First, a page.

A pioneering plan to introduce a citywide network of electric vehicle charging points is being considered by Edinburgh councilors.
The City of Edinburgh Council and Transport Scotland claim that Edinburgh is the first city in the UK to put forward such an ambitious and comprehensive Electric Vehicle Infrastructure business case, which was prepared for them by the Energy Savings Trust.
The EST has proposed that, by 2023, Edinburgh will need to install 211 new charging points at a cost of £3.4 million. Most of these charging points will be “fast chargers” for
on-street residential charging, although there will also be some charging facilities for taxis and at park and ride sites.
“Edinburgh is in the vanguard of a nationwide drive to improve the infrastructure, and this business case will help us make great strides towards a greener, healthier capital,” Transport Convener Councilor Lesley Macinnes said. “Electric vehicles are only part of the solution to worsening air quality, however, alongside the other key elements of our wider sustainable transport agenda such as promoting use of public transport and active travel like walking and cycling.”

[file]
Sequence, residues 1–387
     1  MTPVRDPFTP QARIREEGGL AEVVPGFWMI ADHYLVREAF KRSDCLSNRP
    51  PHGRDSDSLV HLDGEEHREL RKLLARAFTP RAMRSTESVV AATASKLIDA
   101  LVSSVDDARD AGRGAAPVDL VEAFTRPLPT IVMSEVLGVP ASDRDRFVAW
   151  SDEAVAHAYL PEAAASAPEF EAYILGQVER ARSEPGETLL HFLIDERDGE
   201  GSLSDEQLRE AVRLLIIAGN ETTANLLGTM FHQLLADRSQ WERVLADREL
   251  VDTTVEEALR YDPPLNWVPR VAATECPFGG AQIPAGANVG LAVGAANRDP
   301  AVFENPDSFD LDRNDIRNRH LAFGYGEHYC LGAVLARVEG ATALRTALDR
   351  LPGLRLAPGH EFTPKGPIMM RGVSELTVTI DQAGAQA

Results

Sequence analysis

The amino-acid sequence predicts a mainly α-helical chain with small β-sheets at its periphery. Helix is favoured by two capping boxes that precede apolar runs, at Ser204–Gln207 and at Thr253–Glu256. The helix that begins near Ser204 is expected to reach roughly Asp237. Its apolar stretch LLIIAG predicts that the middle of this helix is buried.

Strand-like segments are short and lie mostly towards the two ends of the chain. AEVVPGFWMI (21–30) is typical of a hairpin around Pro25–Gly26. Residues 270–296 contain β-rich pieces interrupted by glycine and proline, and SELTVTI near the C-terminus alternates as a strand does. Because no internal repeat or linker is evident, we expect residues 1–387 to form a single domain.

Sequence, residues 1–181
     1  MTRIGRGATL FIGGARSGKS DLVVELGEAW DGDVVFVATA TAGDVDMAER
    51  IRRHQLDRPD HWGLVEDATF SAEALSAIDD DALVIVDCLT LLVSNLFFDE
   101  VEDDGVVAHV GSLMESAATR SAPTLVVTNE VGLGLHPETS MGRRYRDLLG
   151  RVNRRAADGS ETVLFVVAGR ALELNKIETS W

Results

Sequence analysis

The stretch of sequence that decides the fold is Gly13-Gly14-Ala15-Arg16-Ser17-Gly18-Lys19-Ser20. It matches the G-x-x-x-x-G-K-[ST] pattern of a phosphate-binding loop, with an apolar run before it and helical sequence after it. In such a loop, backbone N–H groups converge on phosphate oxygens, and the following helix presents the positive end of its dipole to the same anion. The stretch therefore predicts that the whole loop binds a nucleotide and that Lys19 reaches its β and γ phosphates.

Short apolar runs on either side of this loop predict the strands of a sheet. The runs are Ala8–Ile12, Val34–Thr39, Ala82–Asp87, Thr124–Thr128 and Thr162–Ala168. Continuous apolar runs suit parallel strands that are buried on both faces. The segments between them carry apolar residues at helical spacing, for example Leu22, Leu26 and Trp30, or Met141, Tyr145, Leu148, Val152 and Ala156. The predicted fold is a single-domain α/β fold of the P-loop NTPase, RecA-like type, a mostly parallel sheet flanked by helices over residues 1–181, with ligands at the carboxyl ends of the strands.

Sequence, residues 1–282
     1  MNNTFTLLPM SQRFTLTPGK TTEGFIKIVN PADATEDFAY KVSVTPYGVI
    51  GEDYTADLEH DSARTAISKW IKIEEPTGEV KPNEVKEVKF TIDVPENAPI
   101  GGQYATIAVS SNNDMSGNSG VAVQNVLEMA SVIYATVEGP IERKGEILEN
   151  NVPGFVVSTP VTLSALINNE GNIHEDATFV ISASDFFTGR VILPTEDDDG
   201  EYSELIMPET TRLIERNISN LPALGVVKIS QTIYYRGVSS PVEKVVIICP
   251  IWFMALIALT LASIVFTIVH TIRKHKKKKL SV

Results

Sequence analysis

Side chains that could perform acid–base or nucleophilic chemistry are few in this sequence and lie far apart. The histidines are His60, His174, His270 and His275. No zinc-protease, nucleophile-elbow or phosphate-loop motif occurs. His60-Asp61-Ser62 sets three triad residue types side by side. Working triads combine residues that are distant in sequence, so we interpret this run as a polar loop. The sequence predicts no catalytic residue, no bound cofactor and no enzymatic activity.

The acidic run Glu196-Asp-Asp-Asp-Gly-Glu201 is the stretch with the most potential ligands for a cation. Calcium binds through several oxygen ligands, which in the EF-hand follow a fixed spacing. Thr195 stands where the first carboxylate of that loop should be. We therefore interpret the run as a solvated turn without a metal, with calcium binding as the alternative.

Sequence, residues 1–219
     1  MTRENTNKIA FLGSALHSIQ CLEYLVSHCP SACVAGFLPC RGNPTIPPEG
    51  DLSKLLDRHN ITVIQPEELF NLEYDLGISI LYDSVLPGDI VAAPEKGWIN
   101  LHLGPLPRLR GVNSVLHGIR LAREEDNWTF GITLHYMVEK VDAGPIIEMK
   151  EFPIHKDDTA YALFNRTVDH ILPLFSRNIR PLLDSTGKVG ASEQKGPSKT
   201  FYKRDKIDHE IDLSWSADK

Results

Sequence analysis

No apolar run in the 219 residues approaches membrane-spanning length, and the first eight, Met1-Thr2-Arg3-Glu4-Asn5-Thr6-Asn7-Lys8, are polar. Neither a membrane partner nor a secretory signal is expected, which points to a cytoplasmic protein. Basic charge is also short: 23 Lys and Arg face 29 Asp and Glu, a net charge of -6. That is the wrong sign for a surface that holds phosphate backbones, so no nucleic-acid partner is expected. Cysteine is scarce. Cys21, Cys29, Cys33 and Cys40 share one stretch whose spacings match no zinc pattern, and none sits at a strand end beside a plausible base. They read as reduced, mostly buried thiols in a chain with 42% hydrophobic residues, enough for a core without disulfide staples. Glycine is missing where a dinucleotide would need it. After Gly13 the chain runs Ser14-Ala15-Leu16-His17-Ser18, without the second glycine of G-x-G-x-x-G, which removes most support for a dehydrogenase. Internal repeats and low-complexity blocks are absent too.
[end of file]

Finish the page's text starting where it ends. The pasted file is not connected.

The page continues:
Cabinet Secretary for Transport, Infrastructure & Connectivity, Michael Matheson, added: “I welcome the City of Edinburgh Council’s innovative plans to intensify the availability of electric vehicle charge points across our capital.
“The number of ultra-low emission cars newly registered in Scotland has increased by 64% over the past year compared to 38% in the same period in the rest of the UK. This is a positive step which responds to the uptake in electric vehicles and supports our commitment to phase out the need for new petrol and diesel cars and vans by 2032.”
The business case follows the zonal approach set out in the Council's Electric Vehicle Action Plan, which would see infrastructure installed in three charging zones: Zone 1 (city centre), Zone 2 (residential areas) and Zone 3 (peripheral – eg, Park & Ride sites). Some 68 locations hosting multiple charging points have been identified across the city, creating strategic charging hubs for users. The predicted environmental benefits for the city include carbon savings of 7,715 tonnes and savings in nitrogen dioxide of over 14 tonnes by 2023. The Council has applied to Transport Scotland’s Switched On Towns & Cities fund for £2 million towards upgrading electric vehicle infrastructure in Edinburgh. If the business case is approved, a work programme will be developed to detail the final list of locations, costs, timelines and associated works including liaison with Scottish Power as the network provider. This will also detail the delivery model and management of the project. A six-week consultation period is proposed with a range of stakeholders, to help select charging locations from the list of sites identified as suitable.